This research addresses the kinds of matching elements that determine analogical relatedness and literal similarity. Despite theoretical agreement on the importance of relational match, the empirical evidence is neither systematic nor definitive. In 3 studies, participants performed online evaluations of relatedness of sentence pairs that varied in either the object or relational match. Results show a consistent focus on relational matches as the main determinant of analogical acceptance. In addition, analogy does not require strict overall identity of relational concepts. Semantically overlapping but nonsynonymous relations were commonly accepted, but required more processing time. Finally, performance in a similarity rating task partly paralleled analogical acceptance; however, relatively more weight was given to object matches. Implications for psychological theories of analogy and similarity are addressed.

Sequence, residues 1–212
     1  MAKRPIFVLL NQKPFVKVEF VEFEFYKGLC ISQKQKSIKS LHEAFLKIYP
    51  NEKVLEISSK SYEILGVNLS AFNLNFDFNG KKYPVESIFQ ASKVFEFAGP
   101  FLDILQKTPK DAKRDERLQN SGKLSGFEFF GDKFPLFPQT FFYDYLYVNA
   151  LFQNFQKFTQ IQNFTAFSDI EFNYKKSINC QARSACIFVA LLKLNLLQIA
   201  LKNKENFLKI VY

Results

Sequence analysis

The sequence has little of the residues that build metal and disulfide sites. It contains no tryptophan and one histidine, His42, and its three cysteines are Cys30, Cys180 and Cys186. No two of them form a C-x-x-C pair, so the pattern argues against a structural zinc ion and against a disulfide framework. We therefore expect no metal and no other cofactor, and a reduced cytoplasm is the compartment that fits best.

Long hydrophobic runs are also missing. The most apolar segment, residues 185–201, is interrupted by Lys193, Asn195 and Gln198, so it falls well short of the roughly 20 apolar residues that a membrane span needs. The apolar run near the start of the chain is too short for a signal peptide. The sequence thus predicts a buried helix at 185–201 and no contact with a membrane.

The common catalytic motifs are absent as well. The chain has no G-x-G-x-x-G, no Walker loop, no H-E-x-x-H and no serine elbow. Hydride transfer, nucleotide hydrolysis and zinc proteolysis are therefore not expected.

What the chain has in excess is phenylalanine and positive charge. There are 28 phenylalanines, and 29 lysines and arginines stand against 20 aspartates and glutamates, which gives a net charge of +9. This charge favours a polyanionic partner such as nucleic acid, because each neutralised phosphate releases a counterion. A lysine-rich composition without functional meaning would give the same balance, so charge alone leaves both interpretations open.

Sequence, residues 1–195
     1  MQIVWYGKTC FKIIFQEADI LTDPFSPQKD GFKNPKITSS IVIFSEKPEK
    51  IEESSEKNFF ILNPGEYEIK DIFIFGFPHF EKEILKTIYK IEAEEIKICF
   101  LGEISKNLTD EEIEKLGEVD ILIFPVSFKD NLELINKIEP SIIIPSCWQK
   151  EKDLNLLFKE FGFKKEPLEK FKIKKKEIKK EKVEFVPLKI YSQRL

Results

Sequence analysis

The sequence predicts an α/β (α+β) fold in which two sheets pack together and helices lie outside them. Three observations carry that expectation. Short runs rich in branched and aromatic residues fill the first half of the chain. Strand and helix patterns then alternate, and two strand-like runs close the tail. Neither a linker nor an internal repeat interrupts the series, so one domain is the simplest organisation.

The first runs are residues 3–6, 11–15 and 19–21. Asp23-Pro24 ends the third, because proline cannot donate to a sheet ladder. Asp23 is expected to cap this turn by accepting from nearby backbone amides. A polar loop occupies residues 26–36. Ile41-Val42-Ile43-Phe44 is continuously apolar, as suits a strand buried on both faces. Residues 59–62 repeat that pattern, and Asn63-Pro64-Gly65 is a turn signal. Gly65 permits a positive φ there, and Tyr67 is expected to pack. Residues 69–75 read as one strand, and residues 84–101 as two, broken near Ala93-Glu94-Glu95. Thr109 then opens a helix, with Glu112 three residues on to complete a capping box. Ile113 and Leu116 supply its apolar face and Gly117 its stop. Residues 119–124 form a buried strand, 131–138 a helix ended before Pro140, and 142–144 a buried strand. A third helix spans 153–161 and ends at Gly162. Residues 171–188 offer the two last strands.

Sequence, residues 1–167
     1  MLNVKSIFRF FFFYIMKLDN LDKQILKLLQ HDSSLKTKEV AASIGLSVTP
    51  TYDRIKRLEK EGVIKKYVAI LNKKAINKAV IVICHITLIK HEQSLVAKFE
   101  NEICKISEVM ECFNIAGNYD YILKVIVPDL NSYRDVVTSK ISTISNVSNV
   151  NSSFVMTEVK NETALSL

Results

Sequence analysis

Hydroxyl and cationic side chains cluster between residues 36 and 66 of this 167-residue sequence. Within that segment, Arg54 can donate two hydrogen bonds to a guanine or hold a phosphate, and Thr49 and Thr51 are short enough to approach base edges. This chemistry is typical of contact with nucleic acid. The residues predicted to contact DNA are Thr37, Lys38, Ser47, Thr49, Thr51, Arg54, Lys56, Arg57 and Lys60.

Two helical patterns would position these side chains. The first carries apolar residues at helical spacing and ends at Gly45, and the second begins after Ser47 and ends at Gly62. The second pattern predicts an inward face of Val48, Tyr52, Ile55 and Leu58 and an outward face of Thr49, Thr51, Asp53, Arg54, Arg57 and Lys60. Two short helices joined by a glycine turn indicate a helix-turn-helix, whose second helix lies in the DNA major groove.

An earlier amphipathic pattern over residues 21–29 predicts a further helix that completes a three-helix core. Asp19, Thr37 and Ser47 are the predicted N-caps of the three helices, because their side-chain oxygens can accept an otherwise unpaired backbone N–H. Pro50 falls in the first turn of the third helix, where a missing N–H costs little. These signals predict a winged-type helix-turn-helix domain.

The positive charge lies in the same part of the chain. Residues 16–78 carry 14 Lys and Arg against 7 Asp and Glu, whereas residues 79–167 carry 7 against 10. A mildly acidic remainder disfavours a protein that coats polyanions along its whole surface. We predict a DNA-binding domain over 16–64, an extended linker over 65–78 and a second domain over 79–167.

ASJC Scopus subject areas
- Experimental and Cognitive Psychology
- Cognitive Neuroscience
- Artificial Intelligence